Rewarding is more than Compensation
If you pick the right people and give them the opportunity to spread their wings and put compensation as a carrier behind it you almost don’t have to manage them. — Jack Welch
Recently, one of the economic and social movements has been the so-called “Great Resignation”. More than 4 million people quit their jobs in December 2021 in the US, and according to Insider 65% of Gen Zers plan to join this movement in 2022. One of the consequences is that there are more than 7.7 million people without jobs, yet there are 10.4 million open professional vacancies.
According to Harvard Business Review the quit rate is greatest in mid-career employees between the ages of 30–45. This is probably because remote jobs for people with little experience may be riskier than for people with training and guidance. In addition, the resignation rate is higher in the technology and healthcare sectors.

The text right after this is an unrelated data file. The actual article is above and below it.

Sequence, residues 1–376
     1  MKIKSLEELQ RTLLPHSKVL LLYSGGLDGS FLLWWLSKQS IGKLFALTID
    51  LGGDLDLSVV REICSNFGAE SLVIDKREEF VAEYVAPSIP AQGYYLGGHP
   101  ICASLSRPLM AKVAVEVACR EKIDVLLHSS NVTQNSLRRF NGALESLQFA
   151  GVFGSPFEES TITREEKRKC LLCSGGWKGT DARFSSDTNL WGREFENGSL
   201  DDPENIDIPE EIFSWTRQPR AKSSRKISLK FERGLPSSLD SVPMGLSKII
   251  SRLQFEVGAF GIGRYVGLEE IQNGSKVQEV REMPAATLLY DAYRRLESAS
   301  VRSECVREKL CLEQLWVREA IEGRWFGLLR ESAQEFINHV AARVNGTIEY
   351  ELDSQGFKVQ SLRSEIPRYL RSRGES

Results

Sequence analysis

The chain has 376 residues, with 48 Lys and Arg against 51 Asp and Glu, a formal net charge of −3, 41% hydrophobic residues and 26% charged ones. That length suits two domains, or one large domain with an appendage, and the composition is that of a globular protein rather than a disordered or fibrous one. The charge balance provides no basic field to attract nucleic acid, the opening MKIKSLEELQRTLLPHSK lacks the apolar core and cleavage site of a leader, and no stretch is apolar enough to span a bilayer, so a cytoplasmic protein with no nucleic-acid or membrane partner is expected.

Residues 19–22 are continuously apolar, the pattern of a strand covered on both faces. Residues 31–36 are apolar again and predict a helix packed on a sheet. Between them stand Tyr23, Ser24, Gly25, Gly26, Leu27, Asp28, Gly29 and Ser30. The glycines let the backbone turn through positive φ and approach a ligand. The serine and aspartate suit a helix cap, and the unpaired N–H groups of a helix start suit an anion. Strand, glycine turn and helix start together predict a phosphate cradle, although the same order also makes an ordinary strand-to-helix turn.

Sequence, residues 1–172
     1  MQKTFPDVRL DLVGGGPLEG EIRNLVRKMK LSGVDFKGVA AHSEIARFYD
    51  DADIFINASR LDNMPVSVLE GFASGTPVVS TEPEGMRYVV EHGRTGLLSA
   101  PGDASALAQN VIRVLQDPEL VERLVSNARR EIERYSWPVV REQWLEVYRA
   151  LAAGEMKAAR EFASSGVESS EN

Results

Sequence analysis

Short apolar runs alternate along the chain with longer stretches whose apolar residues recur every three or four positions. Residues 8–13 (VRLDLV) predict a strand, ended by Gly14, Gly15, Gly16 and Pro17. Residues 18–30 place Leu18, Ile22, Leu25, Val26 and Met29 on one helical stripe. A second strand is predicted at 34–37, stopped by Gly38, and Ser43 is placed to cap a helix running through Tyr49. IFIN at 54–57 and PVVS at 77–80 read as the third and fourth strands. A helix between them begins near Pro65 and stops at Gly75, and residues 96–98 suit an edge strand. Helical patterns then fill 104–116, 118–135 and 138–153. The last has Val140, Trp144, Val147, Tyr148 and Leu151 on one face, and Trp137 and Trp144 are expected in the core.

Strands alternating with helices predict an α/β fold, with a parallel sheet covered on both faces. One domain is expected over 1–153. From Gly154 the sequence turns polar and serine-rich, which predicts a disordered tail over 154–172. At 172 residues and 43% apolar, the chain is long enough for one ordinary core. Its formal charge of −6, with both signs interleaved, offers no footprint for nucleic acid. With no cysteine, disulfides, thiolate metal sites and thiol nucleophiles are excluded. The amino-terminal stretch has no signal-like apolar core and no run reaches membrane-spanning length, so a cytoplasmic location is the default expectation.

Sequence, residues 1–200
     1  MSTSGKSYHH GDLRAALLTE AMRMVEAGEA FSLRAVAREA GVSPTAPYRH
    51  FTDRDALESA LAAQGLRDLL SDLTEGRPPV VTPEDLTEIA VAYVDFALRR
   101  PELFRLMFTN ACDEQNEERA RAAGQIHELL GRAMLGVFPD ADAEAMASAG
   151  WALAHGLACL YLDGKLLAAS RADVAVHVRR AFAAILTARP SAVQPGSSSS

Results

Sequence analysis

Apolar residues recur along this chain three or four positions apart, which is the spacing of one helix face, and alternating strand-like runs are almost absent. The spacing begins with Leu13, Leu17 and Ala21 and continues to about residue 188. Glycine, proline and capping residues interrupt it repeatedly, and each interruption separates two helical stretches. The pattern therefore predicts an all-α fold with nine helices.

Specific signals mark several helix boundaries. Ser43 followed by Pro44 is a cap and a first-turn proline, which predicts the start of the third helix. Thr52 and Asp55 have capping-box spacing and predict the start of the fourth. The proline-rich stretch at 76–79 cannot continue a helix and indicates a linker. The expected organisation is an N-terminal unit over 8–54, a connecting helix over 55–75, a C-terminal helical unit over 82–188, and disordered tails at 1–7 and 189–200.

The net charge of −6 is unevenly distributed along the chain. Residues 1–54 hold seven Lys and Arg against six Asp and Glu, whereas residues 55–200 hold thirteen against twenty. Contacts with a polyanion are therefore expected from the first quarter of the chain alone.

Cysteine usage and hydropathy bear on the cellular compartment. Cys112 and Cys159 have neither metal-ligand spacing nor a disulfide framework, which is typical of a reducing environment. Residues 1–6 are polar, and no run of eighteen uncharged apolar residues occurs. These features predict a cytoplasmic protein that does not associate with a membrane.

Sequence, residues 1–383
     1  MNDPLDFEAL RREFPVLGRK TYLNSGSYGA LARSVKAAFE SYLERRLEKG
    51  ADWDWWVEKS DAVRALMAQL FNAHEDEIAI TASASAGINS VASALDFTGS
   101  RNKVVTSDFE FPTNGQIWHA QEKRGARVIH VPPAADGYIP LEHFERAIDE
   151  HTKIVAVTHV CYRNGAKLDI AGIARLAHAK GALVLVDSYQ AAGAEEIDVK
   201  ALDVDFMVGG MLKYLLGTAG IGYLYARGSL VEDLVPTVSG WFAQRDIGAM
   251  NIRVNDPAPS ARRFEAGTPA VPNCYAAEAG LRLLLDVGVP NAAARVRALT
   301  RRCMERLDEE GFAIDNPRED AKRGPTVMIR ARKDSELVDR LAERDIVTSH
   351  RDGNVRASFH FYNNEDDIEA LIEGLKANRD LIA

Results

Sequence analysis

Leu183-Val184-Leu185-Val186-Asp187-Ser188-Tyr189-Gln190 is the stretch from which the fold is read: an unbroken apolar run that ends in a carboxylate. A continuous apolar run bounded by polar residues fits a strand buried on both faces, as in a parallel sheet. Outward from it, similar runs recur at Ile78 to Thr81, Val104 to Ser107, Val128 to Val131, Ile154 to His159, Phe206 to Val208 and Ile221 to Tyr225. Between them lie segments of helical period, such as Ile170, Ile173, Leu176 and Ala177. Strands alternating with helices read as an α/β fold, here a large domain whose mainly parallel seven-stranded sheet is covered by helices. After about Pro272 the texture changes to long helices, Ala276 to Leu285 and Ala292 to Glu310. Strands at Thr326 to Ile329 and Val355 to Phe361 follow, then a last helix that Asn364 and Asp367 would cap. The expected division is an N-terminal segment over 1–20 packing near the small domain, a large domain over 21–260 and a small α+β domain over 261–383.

In the midst of this scenario, talent retention models will become decisive not only in large corporations, but also in startups. This is why the reward system is more important than ever as a mechanism to recruit, retain and motivate employees.
According to Cheryl Zobal, pay is primarily a communication mechanism that is sent to employees about organizational values. Overall the reward system can be an effective tool to promote skill development, formulate organizational culture, reinforce and define organizational culture and support desired behaviors in conjunction with corporate culture. If the organization promotes exceptional values such as customer service it would be wrong to implement incentives only for sales, so there must be alignment to generate the desired motivation.